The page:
“Starstruck” has an awkward streak. Not in the put-upon, festival of cringe kind of way, but in the natural wake of two people who genuinely don’t know how each feels about the other. Their time together isn’t all dreaded pauses and goofy silence-fillers, but there are a few of those, too. It’s one of the great achievements of this new HBO Max comedy that this dance of uncertain feelings and independent lives is so well woven into the genuinely funny DNA of the rest of the series that it all feels blissfully natural.
That slightly uneven footing for Jessie (Rose Matafeo) and Tom (Nikesh Patel) starts at the beginning, when they add “an unglamorous bathroom sink” to the taxonomy of meet-cute locations. From what each of them may initially think is a New Year’s Eve one-night stand, things hit a slight complication when Jessie slowly realizes that Tom is Tom Kapoor, a luxury brand endorsement-level movie star.
A lesser version of this show would become fixated on this unexpected encounter, with Jessie drawing everyone in her circle into a new infatuation. Instead, Jessie keeps Tom’s number in her phone as “Tom Famous” and largely continues with her life. (The one morning-after celebration we see is her dancing through a London neighborhood following a night spent with a guy she accurately predicts she’ll never see again.) If any friend knows about her memorable start to the calendar year, they also know that Jessie has both the confidence and impulsive nature to pursue other options as she so chooses.
Mark Johnson/HBO Max
Series writers Matafeo and Alice Snedden wisely set this six-episode season (which first aired in the UK on BBC Three) over the course of a year. “Starstruck” then gets to follow the logical progression through some playful first few dates, some stretches apart, and various attempts at reconnecting. Tom never quite slips into the “one that got away” regret zone, but the show has fun with how each of them have ways of keeping tabs on each other that have nothing to do with fame.
Through this year, Tom is pretty much the only new person we see enter Jessie’s life. That’s because “Starstruck” is bolstered at the outset by a web of people in Jessie’s inner circle who feel like they’ve been there forever. Her flatmate Kate (Emma Sidi) has plenty of words of encouragement but also isn’t afraid to give her a stern rebuke when she leans into a self-destructive streak. At Jessie’s part-time job as a nanny, she has a shorthand with the perpetually skeptical boss (Sindhu Vee).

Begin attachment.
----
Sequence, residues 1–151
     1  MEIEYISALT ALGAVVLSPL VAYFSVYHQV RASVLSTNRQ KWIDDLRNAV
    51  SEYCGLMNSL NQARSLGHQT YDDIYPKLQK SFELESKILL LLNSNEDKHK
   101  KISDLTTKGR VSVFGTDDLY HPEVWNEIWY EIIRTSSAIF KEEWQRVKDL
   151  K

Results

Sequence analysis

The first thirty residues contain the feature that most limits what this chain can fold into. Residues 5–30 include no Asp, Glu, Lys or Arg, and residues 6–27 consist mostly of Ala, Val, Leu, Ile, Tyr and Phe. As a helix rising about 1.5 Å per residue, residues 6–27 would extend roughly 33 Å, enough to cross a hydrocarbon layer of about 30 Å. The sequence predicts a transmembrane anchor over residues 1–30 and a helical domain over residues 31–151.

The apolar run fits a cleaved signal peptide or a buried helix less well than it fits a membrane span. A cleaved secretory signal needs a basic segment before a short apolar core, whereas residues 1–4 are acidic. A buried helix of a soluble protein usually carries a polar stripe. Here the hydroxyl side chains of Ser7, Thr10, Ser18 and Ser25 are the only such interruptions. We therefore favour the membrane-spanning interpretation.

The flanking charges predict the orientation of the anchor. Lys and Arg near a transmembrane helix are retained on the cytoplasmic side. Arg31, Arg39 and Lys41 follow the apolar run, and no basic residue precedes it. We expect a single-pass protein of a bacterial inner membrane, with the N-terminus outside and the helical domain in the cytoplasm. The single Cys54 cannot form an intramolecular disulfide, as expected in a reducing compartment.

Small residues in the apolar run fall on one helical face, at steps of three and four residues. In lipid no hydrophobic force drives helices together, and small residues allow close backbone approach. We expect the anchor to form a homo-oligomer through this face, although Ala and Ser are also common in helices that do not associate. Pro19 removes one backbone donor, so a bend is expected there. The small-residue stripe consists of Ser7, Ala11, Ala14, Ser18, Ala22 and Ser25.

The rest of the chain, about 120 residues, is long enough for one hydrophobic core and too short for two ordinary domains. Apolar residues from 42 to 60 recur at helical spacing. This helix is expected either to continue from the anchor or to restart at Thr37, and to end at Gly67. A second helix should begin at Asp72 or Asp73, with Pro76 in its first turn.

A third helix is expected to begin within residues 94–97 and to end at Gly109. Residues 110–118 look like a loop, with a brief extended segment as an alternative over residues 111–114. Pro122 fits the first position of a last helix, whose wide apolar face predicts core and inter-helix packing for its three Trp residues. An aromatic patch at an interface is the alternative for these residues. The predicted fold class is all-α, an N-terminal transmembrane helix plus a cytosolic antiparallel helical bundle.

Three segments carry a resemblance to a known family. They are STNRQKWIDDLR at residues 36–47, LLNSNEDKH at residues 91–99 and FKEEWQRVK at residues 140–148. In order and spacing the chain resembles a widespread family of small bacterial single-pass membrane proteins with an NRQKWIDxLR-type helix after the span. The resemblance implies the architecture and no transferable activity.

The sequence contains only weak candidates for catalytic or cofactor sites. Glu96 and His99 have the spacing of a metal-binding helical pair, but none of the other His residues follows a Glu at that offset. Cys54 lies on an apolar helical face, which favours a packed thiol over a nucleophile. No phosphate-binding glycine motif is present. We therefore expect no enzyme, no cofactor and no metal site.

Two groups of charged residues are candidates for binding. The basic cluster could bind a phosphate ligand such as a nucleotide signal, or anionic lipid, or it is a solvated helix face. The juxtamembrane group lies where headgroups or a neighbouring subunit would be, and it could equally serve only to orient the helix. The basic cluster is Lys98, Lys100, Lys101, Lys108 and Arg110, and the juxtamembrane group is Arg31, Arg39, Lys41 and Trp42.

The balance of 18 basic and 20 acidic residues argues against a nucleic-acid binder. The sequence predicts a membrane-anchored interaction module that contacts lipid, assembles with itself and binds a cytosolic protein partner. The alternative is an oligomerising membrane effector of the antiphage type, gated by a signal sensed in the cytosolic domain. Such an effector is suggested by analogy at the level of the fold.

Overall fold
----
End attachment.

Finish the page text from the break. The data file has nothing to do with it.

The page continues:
Part of that is Matafeo and Snedden’s snappy banter that isn’t so hypercharged it feels manufactured. With Tom, Kate, and even her co-worker Joe, “Starstruck” has a clear handle on the each person’s enthusiasm-to-concern ratio when it comes to any of Jessie’s choices, not just who she’s seeing. Somehow, “Starstruck” manages to stay in that sweet spot between ignoring Tom’s celebrity completely and being completely sidelined by it. For every awkward encounter with someone in Jessie’s circle, there are just as many built on the usual jealousies and misunderstandings and fascinations that come from having a new person around.
It’s both a testament to the show’s strength and the closest thing it has to a weakness that Tom almost doesn’t need to be a movie star at all. He doesn’t have a direct analogue — he’s not an obvious stand-in for an A-lister. Some scenes have him mobbed in broad daylight by unrelated throngs of selfie seekers, others afford him the level of recognition of a series regular on a CW show. Fame is fickle, but Tom ends up being whatever the show needs him to be at any given moment.
Mark Johnson/HBO Max
“Starstruck” is the kind of best case rom-com that manages to translate the sparky parts of newfound feelings rather than fashion a fairytale from whole cloth. Other stories have found fertile ground in the anxieties of how and when exactly to reach out to a new crush, but “Starstruck” thrives on the fact that Jessie and Tom’s chemistry is a surprise to each.
In that way, they make a convincing pair at pretty much any stage of a potential relationship. Matafeo and Patel find ways to make Jessie and Tom make sense in an effortless flirty honeymoon period, as people who stayed friends after a random hookup, or as a bickering couple who already seem to know each other’s weak spots all too well. “Yes, God, Yes” director Karen Maine is behind the camera for the entire series here, bringing a canny sense of timing and closeness to how this pair’s various meetings play out. There’s a certain kind of anticipation fueling each of these scenes, regardless of how these characters try to guard their feelings.
If “falling for a movie star” is the potential hook, Matafeo is the one doing the reeling in and doing it with all the confidence that Jessie has. Through her, “Starstruck” isn’t afraid to let Jessie fail once in a while. Someone like Matafeo makes it incredibly easy to follow wherever Jessie leads. Along the way, “Starstruck” capitalizes so well on the tiny details: the way that feeling confused can lead you to spouting nonsensical sentences, realizing how stupid a text sounds the instant you send it, the particular eerie silence that comes when you realize your time with someone you care about is running out. For the two characters in the moment, it’s occasionally excruciating. As a journey worth following — for another season, thankfully! — the bumps in the road are all part of a deceptively effortless ride.
“Starstruck” Season 1 is now available to stream on HBO Max.
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